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Toronto Mayor Rob Ford during a press conference at City Hall announcing that the end of the debate for a casino in Toronto, Toronto May 16 2013.Fernando Morales/The Globe and Mail

Plans to build a casino in downtown Toronto have lost all signs of life, with the province preparing to give the city about half the revenue it was demanding and the departure of the project's biggest fan – OLG chairman Paul Godfrey.

Ontario's new casino revenue formula would give Toronto $53.7-million in annual hosting fees, Queen's Park sources confirmed late Thursday, far short of the $100-million line in the sand drawn by Mayor Rob Ford and his council supporters. The new hosting figure would include Toronto's take from a downtown complex, as well as the slots at Woodbine Racetrack, they said.

Mr. Godfrey, who was asked by the province Thursday to step down as chairman of Ontario Lottery and Gaming Corp., said the former premier and finance minister were well aware of the arrangement the agency was negotiating with Toronto that would have seen it get between $50-million and $100-million in hosting fees – well above what was on offer to others. That plan was nixed by Premier Kathleen Wynne after reports in The Globe and Mail. The new Premier told OLG to treat all sites the same.

Mr. Godfrey also confirmed he told Mr. Ford his expectations for hosting fees above $150-million were out of line. "You've got to be realistic," he said.

During their most recent exchange, Mr. Godfrey said he told the mayor, "Obviously the Premier doesn't like $50- to $100-million. We are waiting to hear what she does like."

At an evening news conference Mr. Godfrey was asked whether he felt he was left on his own to advocate for the downtown complex. "Some people would say that," he said. "I was certainly an outspoken person in favour of it."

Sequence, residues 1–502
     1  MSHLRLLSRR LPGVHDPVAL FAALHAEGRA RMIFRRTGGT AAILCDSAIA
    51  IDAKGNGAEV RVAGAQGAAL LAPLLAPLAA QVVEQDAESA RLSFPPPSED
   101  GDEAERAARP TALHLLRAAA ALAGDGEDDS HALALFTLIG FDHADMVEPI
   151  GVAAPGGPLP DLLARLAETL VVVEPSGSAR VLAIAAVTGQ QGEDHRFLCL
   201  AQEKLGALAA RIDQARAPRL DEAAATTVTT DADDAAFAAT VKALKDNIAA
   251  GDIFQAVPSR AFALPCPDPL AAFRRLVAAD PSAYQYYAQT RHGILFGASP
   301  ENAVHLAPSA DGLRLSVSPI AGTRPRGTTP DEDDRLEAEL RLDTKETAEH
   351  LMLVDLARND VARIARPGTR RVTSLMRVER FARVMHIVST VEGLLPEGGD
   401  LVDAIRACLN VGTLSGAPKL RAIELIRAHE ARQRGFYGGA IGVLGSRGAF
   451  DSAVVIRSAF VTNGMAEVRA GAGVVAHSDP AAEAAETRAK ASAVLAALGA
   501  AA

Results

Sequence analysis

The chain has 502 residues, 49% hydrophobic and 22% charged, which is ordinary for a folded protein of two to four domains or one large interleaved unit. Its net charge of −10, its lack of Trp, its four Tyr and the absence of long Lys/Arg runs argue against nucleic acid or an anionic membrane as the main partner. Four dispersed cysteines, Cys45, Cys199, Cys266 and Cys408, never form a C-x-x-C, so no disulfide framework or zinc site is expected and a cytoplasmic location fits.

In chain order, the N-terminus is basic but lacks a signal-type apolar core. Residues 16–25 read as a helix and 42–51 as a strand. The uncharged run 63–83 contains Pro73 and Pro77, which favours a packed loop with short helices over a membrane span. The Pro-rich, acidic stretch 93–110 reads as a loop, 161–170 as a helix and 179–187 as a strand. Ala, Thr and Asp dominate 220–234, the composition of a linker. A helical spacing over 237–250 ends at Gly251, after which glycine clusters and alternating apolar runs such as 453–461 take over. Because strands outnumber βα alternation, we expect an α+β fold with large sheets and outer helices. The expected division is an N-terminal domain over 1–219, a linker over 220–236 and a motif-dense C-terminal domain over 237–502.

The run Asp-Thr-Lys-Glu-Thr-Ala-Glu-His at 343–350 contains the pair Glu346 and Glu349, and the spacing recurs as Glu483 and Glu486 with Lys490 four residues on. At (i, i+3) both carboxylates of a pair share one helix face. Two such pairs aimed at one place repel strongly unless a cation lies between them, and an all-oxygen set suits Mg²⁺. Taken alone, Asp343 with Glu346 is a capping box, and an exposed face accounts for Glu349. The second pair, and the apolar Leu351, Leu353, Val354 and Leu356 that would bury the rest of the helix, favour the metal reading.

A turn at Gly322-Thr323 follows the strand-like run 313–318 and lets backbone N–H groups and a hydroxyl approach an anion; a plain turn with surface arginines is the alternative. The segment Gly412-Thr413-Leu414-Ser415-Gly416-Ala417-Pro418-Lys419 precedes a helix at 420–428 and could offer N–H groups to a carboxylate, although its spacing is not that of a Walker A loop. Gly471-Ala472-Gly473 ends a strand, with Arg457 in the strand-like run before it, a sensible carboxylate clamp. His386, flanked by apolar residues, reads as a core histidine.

He would not lay blame for the project's failure.

News of the hosting number and Mr. Godfrey's departure emerged a few hours after the mayor held a snap news conference to declare the casino plan dead, cancelling a special council debate set for Tuesday and saying he never wanted a casino unless it came with $100-million in annual fees.

"If the province won't agree to that $100-million, then, folks, the deal is dead," Mr. Ford declared. "Contrary to what many people said, I'm not married to a casino. I never campaigned on a casino. I'm trying to work with our provincial partners to benefit both the province and the city with extra revenue."

The mayor said his office has repeatedly contacted the Premier's staff, but had failed to get any answers. "I'm sick and tired of playing games," he said.

But moments after the mayor called off the special meeting, a group of Toronto councillors said they are working to overrule the mayor and hold the debate as planned. Under council rules, a meeting can be called with one or two day's notice with the support of 23 councillors. The group, led by Councillor Mike Layton, began collecting signatures even before the mayor's announcement, suspecting he might try to delay the debate. By day's end, sources indicated they had more than 20 signatures and were expecting more.

Several councillors said that after more than a year of debate, two staff reports and countless public meetings, they wanted a chance to vote on the matter. "The right thing to do at this point is put a period at the end of the sentence and a debate would do that," Councillor John Parker said.

Councillor Gloria Lindsay Luby said a debate would allow council to weigh in on the city's other gambling site – the existing casino at Woodbine Racetrack. Ms. Lindsay Luby and several other councillors who oppose a downtown casino have expressed support for expanding the Woodbine site.

When asked, Mr. Ford indicated debate on that issue would have to wait. "We'll cross that bridge when we get to it," Mr. Ford told reporters. "I'm still a supporter of giving Woodbine tables, but it's not going to happen now. It might happen, you know, in a few months."

Maureen Lynett, a co-founder of the No Casino Toronto group, said she hopes council will debate and vote on the matter to prevent it from being reopened at a later date. "We want a vote. We want to put it to rest," she said.

Mr. Ford wants council to "receive" the staff casino report at its June meeting, meaning no vote would be taken.

"We want to make this decision now," Mr. Layton said. "The people of Toronto want their councillors to take a stand and other councillors want to debate this issue. I see no reason why we should wait another two weeks. Let's have a debate. Let's finish this off."

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